Countering Potential Campus Threats with Social Media Monitoring

School and university administrators are starting to appreciate these services as an effective tool to improve campus security and identify at-risk individuals.

Countering Potential Campus Threats with Social Media Monitoring

Of course, not all social media platforms are open to the data mining.

“There are some social media services that don’t provide their information publicly, which is fine.  They’re making business decisions,” Margolis says, “but we’re actively building relationships with those companies.”

How Does it Work?
“The first thing we do is ask ‘What are the acronyms of your school?'” Peterson says. “Then it’s ‘What is the terminology you’re looking to track?’ Then we set up the geofence, and so what’s nice is when an incident does occur, schools can go back and search for evidence or anything in the data.”

Because it’s such a new industry, companies are eager to teach their clients how to maximize the value of their service. Companies do everything from providing online and in-person training, assigning each client to a customer care team and hosting annual conferences for clients to discuss best practices.

“We’re really partnering with our customers throughout the process,” Harris says. “It isn’t just them buying the software. It’s finding the appropriate use of social media. It’s all evolving and so there’s an education barrier. Our goal is to provide as much education as we can.”

Schools can set up geofences around one building or multiple buildings across different campuses.  Sports stadiums and other school buildings have also been selected.

“We’ve spent a lot of time and effort and brainpower developing our service around each school’s particular needs,” Margolis says.

RELATED: Measuring Campus Health with Social Media

Many of the companies simply provide software-as-a-service, so there’s rarely any installation process or IT involvement. Still, schools sometimes struggle to find the resources needed to devote to the service. Smaller schools will sometimes designate one person to oversee the operation, whereas larger schools, universities and K-12 districts might give that responsibility to their public safety departments. Revere Public Schools in Massachusetts, for example, elects to receive one report a day from Social Sentinel.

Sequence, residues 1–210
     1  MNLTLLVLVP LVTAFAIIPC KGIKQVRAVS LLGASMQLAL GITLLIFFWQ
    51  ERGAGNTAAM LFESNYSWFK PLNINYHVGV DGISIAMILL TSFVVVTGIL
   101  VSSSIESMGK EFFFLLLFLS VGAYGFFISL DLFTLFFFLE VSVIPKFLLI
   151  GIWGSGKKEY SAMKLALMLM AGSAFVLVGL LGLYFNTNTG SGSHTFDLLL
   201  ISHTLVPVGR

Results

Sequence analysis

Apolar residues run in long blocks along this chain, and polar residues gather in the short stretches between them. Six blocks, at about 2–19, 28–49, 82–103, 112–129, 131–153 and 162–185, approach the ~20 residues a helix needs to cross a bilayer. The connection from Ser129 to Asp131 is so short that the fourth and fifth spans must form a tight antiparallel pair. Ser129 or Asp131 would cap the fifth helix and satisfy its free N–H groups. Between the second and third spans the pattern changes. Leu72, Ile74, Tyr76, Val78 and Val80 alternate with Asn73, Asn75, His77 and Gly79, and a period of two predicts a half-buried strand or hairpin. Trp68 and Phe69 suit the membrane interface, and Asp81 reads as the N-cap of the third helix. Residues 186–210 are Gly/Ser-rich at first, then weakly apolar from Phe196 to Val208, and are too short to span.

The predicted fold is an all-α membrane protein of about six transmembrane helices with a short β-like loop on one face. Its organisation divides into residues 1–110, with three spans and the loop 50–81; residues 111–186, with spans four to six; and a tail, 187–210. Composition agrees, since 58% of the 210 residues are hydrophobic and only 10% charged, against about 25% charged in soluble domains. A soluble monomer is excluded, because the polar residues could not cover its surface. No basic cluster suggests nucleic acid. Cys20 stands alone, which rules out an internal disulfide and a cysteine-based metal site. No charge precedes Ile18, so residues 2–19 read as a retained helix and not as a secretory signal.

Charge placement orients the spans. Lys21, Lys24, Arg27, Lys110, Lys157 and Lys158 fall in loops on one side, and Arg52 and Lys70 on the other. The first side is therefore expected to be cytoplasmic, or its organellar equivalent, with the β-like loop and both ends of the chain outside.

“We have our school resource officer involved with accessing the service and our technical director as well,” Revere Public Schools Superintendent Chris Malone says. “But predominantly, I’m the one who diligently reads the messages and then re-forwards the information to administrators who would want to take a closer look or follow up, although long term I’m probably not the ideal person to be monitoring this stuff.”

Malone’s district began working with Social Sentinel two years ago to determine which terms should be flagged and which ones would turn up too many false alarms.

“Most terms were suggestions from Social Sentinel where I’d describe an issue and let them give me feedback, saying ‘Okay, if that’s an issue, here are some keywords to look for,'” Malone says. “So it’s a lot of back and forth because we weren’t sure how to manage it at first.”

Malone believes it’s important to give the people checking the data the power to make important decisions and the resources to react to any threats they may find.

RELATED: Tackling Social Media Monitoring’s Liability, Clery Compliance Questions

Should Schools Be Concerned About Privacy?
Privacy is the most obvious concern people might have with social media monitoring. In fact, some companies don’t like the term “social media monitoring” because they say it makes them sound like Big Brother. They’re quick to point out that everything they’re looking at is coming from public domains. Further, the companies talk to their clients about the ways their information gathering is to be used.

“We’re clear with our clients that this is an alert service not a monitoring service,” Margolis explains. “We give schools a framework to operate efficiently and consistently. It’s not built for fishing expeditions; it’s designed to help our customers understand what’s happening or what’s happened on their campus.”

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About the Author


Zach Winn is a journalist living in the Boston area. He was previously a reporter for Wicked Local and graduated from Keene State College in 2014, earning a Bachelor’s Degree in journalism and minoring in political science.

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